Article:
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Jindal Global Law Review

, Volume 10, Issue 2, pp 197–221 | Cite as

South Asian feminist engagements with law: Some explorations in the context of violence against women

  • Saumya UmaEmail author
Article
  • 23 Downloads

Abstract

Though shaped by the distinct historical and political regimes and institutions in each country, women’s movements in South Asian countries have much in common. The struggle for justice in the context of violence against women is one of them. Women’s movements in Bangladesh, India, Nepal, Pakistan and Sri Lanka have a rich history and tradition of resisting patriarchy and violence by state and non-state actors and pursuing justice and accountability through political struggles and democratic processes. In this article, I examine two decades of South Asian feminist engagements with law in the realm of violence against women. I explore the potential for cross border legal activism, strategy sharing, solidarity, and cooperation. For my analysis, I largely draw upon feminist responses to honor crimes, acid violence, domestic violence and sexual violence. The paper is divided into five parts. In Part I, I introduce the topic and define the parameters of the article. In Part II, I discuss South Asian feminist engagements with law-making and law reform processes. Part III consists of an analysis of judgments that advance gender justice, resulting from feminist advocacy and lawyering. Part IV foregrounds the common journeys, shared experiences and challenges, and common feminist strategies in the annals of law and justice. I conclude this paper, in Part V, with the emerging South Asian feminist jurisprudence on violence against women, and its immense potential in advancing justice in each of the countries in the region.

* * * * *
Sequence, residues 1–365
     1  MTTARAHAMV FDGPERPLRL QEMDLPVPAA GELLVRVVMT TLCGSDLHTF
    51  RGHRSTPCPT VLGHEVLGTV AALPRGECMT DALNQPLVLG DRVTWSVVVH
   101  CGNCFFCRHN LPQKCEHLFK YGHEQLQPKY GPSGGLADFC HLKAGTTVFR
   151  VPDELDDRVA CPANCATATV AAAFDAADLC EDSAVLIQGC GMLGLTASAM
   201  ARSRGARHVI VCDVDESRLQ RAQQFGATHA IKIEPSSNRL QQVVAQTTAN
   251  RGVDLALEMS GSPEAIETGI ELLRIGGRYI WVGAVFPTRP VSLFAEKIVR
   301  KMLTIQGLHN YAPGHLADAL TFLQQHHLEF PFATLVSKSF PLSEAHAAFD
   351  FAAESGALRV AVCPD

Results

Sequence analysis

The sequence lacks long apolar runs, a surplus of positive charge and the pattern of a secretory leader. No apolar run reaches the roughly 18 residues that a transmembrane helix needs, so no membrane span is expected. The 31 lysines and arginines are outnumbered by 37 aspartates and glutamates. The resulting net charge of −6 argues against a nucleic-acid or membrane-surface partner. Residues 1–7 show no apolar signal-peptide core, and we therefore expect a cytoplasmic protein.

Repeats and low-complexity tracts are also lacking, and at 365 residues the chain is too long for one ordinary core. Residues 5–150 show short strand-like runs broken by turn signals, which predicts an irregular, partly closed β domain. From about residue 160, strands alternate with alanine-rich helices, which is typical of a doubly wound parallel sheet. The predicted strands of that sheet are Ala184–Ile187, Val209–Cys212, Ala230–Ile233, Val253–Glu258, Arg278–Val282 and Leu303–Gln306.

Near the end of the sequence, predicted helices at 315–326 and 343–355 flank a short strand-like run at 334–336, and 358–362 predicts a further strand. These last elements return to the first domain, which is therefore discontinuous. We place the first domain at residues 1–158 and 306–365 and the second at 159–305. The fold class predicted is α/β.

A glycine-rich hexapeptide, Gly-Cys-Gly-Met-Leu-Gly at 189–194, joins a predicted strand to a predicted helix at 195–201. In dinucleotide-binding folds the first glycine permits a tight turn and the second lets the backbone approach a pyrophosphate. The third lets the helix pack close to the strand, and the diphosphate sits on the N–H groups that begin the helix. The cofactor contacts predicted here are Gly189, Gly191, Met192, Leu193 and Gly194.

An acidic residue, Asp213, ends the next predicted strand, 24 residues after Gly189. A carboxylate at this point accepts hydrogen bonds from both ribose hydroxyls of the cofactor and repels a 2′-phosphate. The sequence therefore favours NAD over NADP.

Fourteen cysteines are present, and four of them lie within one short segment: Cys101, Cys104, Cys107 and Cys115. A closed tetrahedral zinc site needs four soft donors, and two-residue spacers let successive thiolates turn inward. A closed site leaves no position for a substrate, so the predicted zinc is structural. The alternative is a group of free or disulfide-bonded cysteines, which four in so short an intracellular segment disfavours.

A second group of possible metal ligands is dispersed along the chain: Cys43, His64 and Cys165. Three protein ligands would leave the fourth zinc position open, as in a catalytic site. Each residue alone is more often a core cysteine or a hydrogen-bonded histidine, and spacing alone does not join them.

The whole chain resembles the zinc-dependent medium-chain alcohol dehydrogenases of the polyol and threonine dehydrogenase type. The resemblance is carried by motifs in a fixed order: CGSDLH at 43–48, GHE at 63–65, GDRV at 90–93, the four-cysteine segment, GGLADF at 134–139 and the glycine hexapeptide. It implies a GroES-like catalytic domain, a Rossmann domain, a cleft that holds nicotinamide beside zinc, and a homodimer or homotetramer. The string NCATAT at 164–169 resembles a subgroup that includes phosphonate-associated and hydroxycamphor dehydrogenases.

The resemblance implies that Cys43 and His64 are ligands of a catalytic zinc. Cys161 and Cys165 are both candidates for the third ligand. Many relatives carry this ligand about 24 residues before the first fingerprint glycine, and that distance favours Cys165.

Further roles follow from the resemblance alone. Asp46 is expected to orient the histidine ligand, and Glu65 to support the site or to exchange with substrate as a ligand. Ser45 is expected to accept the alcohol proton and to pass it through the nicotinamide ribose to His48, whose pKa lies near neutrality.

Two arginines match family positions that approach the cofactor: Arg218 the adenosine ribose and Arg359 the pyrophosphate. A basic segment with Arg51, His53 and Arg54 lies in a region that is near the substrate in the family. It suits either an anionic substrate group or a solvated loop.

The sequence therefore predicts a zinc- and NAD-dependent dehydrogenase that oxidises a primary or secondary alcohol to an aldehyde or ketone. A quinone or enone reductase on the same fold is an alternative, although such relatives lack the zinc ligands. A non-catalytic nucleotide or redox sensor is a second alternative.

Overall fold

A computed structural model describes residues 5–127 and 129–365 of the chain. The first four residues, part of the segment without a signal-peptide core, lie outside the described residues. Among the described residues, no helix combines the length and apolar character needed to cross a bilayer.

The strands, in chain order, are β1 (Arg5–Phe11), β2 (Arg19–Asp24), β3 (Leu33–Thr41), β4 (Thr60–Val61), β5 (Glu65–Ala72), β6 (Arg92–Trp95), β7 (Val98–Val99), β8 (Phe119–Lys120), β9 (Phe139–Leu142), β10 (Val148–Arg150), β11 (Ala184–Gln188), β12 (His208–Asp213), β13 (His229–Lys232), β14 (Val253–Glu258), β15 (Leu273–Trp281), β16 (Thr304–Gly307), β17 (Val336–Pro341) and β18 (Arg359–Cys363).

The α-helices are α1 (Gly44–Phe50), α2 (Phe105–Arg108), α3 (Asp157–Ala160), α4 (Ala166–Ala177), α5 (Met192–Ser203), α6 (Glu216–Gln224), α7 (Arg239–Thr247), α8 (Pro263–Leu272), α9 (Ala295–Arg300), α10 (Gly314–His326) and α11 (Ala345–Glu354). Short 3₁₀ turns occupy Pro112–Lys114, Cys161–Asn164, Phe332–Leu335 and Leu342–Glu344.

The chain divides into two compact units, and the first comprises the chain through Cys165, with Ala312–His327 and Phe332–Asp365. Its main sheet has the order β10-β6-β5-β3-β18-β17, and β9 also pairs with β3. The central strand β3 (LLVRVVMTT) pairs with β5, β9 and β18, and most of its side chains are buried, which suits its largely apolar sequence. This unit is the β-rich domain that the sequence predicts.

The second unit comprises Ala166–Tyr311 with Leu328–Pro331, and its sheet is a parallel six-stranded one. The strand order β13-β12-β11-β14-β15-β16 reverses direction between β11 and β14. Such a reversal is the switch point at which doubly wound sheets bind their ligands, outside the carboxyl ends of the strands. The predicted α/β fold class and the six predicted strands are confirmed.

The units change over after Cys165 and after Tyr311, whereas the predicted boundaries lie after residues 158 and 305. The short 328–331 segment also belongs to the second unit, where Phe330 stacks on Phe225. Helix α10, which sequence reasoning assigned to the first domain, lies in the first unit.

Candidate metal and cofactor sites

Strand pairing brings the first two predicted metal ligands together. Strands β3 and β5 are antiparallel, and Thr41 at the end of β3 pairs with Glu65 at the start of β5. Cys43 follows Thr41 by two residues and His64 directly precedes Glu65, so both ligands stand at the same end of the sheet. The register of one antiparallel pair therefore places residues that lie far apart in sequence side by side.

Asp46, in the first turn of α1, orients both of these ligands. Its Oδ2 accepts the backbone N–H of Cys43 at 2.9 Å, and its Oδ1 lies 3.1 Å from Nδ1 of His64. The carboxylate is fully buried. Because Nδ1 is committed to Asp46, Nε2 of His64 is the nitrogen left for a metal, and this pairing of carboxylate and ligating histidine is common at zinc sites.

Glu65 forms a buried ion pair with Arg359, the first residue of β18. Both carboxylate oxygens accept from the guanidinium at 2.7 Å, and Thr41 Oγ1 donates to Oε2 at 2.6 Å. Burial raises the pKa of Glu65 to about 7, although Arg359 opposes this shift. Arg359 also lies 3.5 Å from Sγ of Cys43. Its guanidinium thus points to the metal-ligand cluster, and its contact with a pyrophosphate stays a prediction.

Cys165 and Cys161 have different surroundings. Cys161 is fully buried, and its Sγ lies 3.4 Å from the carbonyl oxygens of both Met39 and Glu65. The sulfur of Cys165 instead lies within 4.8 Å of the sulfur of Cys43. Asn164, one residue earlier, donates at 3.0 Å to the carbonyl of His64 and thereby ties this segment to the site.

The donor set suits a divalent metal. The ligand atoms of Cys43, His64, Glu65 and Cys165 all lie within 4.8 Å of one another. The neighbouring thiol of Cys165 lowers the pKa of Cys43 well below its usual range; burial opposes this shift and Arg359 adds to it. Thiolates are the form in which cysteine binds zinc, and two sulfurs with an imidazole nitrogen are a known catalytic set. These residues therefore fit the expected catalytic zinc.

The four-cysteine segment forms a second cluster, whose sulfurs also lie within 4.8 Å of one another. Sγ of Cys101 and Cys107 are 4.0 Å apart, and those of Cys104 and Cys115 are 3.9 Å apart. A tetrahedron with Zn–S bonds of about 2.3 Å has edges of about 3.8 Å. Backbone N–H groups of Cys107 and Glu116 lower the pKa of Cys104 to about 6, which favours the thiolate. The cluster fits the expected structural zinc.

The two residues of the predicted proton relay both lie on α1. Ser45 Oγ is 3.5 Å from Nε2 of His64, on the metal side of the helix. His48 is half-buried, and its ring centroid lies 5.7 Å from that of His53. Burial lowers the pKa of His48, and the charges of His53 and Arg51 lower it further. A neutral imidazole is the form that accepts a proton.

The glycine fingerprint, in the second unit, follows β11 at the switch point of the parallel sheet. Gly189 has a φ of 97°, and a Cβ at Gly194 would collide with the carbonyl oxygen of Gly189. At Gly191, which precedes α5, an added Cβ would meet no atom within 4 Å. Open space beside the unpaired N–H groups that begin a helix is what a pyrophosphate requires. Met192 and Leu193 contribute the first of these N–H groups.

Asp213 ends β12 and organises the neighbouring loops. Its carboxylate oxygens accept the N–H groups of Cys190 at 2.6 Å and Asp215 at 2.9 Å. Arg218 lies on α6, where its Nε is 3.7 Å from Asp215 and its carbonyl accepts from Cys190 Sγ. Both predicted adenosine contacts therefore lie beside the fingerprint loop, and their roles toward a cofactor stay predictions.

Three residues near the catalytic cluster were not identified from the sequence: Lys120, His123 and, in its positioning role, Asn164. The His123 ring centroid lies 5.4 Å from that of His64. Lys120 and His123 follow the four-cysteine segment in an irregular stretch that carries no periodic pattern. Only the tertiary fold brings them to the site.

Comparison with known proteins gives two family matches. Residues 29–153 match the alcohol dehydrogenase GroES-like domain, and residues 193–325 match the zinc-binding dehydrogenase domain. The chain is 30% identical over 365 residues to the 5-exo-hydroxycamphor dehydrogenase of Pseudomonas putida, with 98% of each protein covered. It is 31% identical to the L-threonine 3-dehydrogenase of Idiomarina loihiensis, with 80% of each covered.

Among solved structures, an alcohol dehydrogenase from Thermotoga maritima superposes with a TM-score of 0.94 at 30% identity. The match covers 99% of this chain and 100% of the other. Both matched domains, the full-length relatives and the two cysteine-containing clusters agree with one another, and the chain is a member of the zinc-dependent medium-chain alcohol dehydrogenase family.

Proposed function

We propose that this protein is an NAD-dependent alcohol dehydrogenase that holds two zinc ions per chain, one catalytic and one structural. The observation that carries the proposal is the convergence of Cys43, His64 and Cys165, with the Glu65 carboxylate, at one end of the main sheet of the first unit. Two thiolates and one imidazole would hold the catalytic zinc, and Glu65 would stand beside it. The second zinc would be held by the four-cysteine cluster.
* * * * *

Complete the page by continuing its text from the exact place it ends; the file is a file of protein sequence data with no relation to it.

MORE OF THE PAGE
Keywords

South Asia Feminist Law Violence against women Patriarchy Campaigns Movements Justice Accountability 

Notes

Acknowledgements

The author deeply appreciates Sara Hossain, barrister at the Supreme Court of Bangladesh and her team at Bangladesh Legal Aid and Services Trust, Dhaka for sharing judgments and legal materials for this paper in a timely manner, and Jannani, a student at the West Bengal National University of Juridical Sciences, Kolkata for her research assistance. The author also thanks the peer reviewers and editors of this journal for their constructive suggestions.

Copyright information

© O.P. Jindal Global University (JGU) 2019

Authors and Affiliations

  1. 1.School of Law, Governance and CitizenshipAmbedkar University DelhiNew DelhiIndia

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